عنوان مقاله [English]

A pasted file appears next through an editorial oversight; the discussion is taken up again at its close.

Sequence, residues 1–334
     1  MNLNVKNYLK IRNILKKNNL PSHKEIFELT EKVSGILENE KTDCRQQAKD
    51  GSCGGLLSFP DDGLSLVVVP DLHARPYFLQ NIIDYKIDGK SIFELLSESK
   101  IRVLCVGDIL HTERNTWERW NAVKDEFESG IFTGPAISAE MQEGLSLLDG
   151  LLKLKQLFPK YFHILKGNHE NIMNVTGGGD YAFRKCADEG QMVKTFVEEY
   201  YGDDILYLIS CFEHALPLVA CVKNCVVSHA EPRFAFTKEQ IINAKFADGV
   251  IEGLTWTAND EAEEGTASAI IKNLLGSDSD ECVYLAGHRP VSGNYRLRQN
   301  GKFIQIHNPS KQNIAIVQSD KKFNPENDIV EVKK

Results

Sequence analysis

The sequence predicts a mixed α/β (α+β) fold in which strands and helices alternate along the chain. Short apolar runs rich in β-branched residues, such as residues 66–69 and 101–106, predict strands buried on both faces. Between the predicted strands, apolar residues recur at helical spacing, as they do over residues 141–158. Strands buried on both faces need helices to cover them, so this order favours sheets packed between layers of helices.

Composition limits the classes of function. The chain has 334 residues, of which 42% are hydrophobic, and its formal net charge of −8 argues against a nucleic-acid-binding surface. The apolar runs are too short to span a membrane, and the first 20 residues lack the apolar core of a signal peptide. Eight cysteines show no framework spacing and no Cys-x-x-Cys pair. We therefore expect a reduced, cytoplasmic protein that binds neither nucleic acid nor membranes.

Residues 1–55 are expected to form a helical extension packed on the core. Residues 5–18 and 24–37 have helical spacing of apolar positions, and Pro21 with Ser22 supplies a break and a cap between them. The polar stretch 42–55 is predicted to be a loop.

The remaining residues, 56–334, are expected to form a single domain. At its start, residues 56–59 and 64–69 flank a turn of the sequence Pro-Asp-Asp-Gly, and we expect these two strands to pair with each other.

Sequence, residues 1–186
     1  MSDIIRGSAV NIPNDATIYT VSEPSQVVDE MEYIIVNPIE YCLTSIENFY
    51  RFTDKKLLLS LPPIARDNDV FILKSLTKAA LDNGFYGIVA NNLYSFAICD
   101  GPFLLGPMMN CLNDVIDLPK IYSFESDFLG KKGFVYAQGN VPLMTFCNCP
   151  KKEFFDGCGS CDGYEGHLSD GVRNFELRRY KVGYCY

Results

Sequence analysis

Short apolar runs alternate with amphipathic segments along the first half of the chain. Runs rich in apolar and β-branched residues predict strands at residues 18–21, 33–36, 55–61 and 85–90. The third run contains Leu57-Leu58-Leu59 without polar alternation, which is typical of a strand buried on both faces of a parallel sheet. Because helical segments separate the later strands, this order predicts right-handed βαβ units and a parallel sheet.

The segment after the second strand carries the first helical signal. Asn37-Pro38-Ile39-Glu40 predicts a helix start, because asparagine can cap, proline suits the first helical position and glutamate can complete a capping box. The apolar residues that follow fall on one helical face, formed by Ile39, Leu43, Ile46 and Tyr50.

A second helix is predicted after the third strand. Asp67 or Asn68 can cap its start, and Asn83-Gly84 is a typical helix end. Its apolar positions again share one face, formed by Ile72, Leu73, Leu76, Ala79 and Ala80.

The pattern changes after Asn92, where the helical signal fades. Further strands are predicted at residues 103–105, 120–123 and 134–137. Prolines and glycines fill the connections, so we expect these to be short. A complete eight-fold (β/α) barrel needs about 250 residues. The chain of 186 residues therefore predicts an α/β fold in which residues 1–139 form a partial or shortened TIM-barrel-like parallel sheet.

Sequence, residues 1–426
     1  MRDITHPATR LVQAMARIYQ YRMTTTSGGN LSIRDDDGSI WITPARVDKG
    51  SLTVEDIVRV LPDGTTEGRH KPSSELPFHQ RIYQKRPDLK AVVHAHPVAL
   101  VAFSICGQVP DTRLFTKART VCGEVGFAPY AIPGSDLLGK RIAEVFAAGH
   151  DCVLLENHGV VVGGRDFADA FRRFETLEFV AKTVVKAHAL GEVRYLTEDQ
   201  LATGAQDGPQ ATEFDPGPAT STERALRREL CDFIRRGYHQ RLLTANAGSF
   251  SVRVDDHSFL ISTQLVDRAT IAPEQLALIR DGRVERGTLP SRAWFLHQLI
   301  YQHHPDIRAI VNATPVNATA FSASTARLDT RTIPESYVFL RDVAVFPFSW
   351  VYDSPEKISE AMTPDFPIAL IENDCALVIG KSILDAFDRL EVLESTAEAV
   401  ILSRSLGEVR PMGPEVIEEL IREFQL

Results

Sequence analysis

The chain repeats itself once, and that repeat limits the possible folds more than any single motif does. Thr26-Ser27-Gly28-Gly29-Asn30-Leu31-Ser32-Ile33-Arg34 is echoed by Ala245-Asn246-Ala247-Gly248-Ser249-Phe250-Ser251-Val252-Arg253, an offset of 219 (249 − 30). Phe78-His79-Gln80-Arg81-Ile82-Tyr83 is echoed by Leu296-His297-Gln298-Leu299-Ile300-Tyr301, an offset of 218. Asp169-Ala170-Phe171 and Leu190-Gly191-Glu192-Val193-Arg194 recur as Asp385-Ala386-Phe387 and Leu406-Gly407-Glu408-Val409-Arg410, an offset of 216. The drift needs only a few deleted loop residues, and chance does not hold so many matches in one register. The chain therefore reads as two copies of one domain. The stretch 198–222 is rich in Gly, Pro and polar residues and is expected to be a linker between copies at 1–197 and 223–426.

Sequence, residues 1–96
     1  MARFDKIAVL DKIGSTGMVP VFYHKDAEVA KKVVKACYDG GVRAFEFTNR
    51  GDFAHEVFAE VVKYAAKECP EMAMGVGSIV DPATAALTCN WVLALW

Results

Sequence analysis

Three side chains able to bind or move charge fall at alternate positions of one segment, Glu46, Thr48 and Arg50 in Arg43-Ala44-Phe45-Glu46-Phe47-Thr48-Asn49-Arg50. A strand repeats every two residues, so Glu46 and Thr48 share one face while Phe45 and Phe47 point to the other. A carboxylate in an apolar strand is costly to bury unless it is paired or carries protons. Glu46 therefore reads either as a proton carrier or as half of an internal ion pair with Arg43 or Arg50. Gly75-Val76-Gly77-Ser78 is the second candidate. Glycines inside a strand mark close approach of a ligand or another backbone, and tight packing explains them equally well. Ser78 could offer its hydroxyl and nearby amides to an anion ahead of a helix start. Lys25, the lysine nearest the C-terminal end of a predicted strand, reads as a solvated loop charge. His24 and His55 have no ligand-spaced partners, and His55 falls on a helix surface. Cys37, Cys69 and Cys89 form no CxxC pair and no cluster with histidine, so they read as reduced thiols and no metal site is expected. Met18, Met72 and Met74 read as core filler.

Saadi who is renowned as the "King of the Realm of Literature", in addition to his own innate sense and inherent faculty, benefited from various sources, for his eloquence. One of these sources and references has been the unique masterpiece of the Arabic letters, Maqamat al-Hariri by Abu-Mohammed Al-Qasim Hariri Basri (446-516 H = 1054-1122 AD). This work, owing to its inclusion of nice and astonishing anecdotes, abundance of figures of speech, esthetic requisites of speech and frequent usage of the Qur'anic Verses, Hadith, Arabic poems and proverbs, attracted Saadi's attention. As Saadi used to study at the Nezamieh school of Baghdad, he became familiar with the book. Saadi's attention to Maqamat is to the extent that he has mentioned it in Golestan and Bustan, in a number of occasions. It is worth mentioning that the Persian literary figures and poets had never deemed themselves to be needless of Maqamat al-Hariri; however, it seems that Saadi has been interested in the book, more than anyone else. As a consequence, in the Persian poetry and literary works, the strongest inspiration from the book can be seen in Saadi's words. As a matter of fact, the rhetorical style of Saadi'sGolestan is similar to Maqamat to a great extent. As Bahar, Malekosho'ara( poet laureate) asserts " Golerstan is the second Maqamat al-Hamidi" which is, in turn, regarded as an utter imitation of Maqamat al-Hariri. In short, Saadi has mentioned some points in Golestan and Bustan which are indicative of his attention to Maqamat al-Hariri. The inspirations of Saadi from Maqamat al-Hariri are of two categories: The first category includes verbal inspirations, so that we can sometimes see that Saadi quotes some words from Maqamat al-Hariri, which are used in the Persian literature for the first time, e.g. juxtaposing the two words of /ʔeʃa/ (=the night prayer)and /ʔæʃa/ (=supper) or the two words of /ʤəʊʔ/ (=hunger) and /hoʤəʊʔ/ (=sleep) and sometimes a complete phrase has been cited, e.g. /be hokm-e zæruræt/ (=as the need arises). The second category, which is more important than the first, is the citation of similar concepts, which sometimes includes a phrase, e.g. " practical effect on distant people" (making some people cry) or lack of competence in asking and answering questions, in which Saadi renders Hariri's word "missing all arrows in the quiver"to "He dropped the arrow of the reason quiver". And sometimes, Saadi utilizes the gist of a tale narrated by Hariri, and develops it very delicately and artistically by changing the characters and sets it in a new design, as if it has happened to him himself, e.g. the Euphrates Narrative of Maqamat al-Hariri, mentioned in the 4th chapter of Bustan, under the topic of "Anecdote of the Scholar".